People very often ask us “what’s the best type of logo?” or “what’s the best logo styles?”.
Well, to be honest, there is no right answer. We can, however, tell you that by not having a logo or you don’t use logo styles, you’ll really struggle to push your brand’s identity. A logo provides your stamp in the world It’s a recognisable symbol that people can relate and associate your products and services with. Without a logo, it can often be difficult to differentiate between you and your competitors. That being said, it’s not impossible as that’s where your brand strategy and digital strategy come into play.
We’ve broken the ‘logo’ down into 5 logo styles to help you identify your favourite.
Symbol / Icon
The symbol (some people might call this an icon) is often a reflection of a brand. Like all logos, it can reflect their mission, their values or their value. Typically, brands that use the symbol as a brand mark have a long history of business and can be identified easily. Their heritage usually places their brand as a household name, therefore needing no words to explain what it is, or what it is about.
The wordmark is particularly useful if you need to describe the product or service you sell visually through your brand name. If you decide to use a wordmark, your brand’s name needs to be extensible and not ambiguous. A struggle whilst using wordmarks is finding an appropriate typeface to support it. If the typeface in your logo is the same you use for all your other copy, you’re on for a winner!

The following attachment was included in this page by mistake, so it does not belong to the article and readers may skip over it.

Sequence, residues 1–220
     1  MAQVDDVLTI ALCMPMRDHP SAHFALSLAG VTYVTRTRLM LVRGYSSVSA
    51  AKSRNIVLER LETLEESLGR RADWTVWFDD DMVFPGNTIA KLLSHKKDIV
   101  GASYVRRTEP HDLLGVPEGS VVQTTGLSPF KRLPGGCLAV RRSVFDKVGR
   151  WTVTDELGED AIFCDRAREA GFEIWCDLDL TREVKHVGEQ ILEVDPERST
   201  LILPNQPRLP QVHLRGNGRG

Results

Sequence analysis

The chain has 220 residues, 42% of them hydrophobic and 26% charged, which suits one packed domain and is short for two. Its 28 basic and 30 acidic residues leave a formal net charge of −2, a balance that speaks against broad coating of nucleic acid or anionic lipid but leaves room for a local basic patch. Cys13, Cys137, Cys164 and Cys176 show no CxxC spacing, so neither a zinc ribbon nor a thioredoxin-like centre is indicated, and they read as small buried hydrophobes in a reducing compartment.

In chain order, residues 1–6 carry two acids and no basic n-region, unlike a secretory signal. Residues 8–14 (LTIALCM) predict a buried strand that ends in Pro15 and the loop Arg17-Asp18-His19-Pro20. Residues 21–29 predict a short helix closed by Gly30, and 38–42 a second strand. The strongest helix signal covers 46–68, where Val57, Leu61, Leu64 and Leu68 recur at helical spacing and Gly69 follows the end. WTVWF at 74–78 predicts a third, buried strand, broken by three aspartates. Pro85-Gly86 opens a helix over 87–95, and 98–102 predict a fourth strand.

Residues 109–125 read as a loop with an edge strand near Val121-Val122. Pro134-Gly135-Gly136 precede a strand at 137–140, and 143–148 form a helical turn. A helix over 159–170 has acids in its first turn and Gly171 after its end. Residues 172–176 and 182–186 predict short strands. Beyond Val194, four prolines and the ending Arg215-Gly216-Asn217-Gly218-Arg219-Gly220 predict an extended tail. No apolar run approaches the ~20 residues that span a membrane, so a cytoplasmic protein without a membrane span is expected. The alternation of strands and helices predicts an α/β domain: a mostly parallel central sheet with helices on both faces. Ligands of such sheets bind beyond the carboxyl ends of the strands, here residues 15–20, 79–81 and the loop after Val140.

The letter mark, like the wordmark, can be used to visually support the brand as a whole. Letter marks are often part of wordmarks and are pulled out for informal use such as social media profile pictures.
A combination mark is a great alternative for those brands that might be growing but do want to risk making their brand ambiguous and unidentifiable. Many brands, including Pinterest, Adidas, Instagram and Twitter began with combination marks representing their brands. As they became household names they could then drop the wordmark and only present a symbol or letter mark. Using both allows flexibility.
Emblem / Crest
The emblem, including crests, encapsulate the brand name within the shapes of the logo. Their historical nature usually reflects the age of the business and brand, however, emblems have a risk of becoming out of date if they’re not specific and hold heritage. Some great examples of emblem logos include Harley Davidson, NFL and Starbucks.
What’s your favourite logo style? What type of logo style have you designed for your brand? Share your thoughts below.